When talking about commodities, Buffett crunched the annual U.S. consumption of diesel fuel on the spot. He gave the population figures from each Europe, China and the U.S. in 1790 when tracking 200 years of capitalism.
He told a joke about how he tested his 91-year-old partner Charlie Munger’s hearing by asking him two times from varying distances in his office whether they should buy GM at $35. No answer. When he asked the question yet again this time closer still, the famously curt Munger said, “For the third time, yes.”
On why he doesn’t recommend postponing working at a job you love: “It’s like delaying sex until your old age. Not very smart.”
On the power of brands: “If you buy a girl a box of See’s chocolates and she kisses you, we own you.”
He said and he Munger went up to Microsoft in 1995 as non-techies to brainstorm with Bill Gates and his top people about the future of the Internet for the masses. He noted how mental blocks within even the brightest minds hinder new ideas. “Nobody came up with search. Nobody came up with auctions.” And to much laughter, he added, “Nobody came up with Tinder.”
How I Got to Go
The media eats up Buffett’s patented plain talk. So he is deluged with media requests. There is no outside PR firm or Corporate Communications which decides who gets the green light. It’s Buffett’s decision alone.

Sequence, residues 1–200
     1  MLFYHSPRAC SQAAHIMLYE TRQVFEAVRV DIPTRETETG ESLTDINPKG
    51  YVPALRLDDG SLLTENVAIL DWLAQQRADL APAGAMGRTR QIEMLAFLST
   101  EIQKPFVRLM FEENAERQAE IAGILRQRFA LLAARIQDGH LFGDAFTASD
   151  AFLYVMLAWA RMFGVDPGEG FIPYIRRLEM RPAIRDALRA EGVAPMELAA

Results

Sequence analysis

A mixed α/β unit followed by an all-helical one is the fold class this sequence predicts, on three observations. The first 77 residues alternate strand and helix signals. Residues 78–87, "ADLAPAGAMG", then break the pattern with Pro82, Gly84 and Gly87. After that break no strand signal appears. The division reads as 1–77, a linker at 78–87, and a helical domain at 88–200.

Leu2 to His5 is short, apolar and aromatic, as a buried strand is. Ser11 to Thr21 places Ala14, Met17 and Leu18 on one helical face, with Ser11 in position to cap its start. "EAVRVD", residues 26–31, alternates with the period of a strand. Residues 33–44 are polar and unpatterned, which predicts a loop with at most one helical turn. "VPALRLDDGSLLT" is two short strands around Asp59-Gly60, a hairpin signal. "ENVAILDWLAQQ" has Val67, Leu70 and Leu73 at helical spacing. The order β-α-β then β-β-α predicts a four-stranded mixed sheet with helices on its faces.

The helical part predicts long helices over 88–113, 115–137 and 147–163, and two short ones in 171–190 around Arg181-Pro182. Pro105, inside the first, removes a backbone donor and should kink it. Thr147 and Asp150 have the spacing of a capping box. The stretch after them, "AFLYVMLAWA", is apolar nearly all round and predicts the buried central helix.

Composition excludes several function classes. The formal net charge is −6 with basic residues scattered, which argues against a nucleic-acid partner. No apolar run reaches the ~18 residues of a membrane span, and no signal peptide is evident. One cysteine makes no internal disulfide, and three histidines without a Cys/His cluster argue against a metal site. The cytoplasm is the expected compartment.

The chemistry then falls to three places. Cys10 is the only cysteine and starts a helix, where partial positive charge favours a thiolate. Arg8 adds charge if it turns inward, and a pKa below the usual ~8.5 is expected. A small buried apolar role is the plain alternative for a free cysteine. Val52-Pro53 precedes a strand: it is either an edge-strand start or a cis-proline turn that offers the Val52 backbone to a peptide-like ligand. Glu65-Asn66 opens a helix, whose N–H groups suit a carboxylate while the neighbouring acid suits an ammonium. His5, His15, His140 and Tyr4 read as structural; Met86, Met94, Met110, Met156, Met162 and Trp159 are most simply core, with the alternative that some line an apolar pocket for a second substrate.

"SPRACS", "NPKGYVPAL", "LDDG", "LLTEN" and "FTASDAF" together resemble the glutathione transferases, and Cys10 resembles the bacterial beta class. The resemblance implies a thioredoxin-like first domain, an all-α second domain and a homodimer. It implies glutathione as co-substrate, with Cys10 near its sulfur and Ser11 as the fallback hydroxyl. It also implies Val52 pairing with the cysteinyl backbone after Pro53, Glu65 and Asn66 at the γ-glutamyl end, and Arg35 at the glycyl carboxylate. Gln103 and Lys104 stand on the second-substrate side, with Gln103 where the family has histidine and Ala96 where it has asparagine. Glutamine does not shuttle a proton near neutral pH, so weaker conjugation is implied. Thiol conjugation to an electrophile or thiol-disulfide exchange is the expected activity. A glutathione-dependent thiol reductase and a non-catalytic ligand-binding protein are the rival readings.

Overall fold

So when I first requested an on camera interview as a CNN correspondent in 2007, I knew I had to stand out. I talked to a mentor, veteran financial journalist Myron Kandel, who had played tennis with Buffett. We decided I should start with humor.
My request on company letterhead opened like this: “Dear Mr. Buffett, I feel you’ve been neglecting me.”
His prompt response began: “Dear Susan, I enjoyed your letter—so much so that I’m almost ready to propose.” Thus a relationship –a professional relationship-- was born.
I did not know about the Buffett Q&A but when I started teaching business journalism, I told him in a similarly unconventional manner: a Valentine’s Day poem. Even Hallmark would weep with its sophomoric Roses are red, Violets are blue verse.
But it got a quick response from the only person who mattered. He said: Bring your students out to Omaha.
On your dime, that is.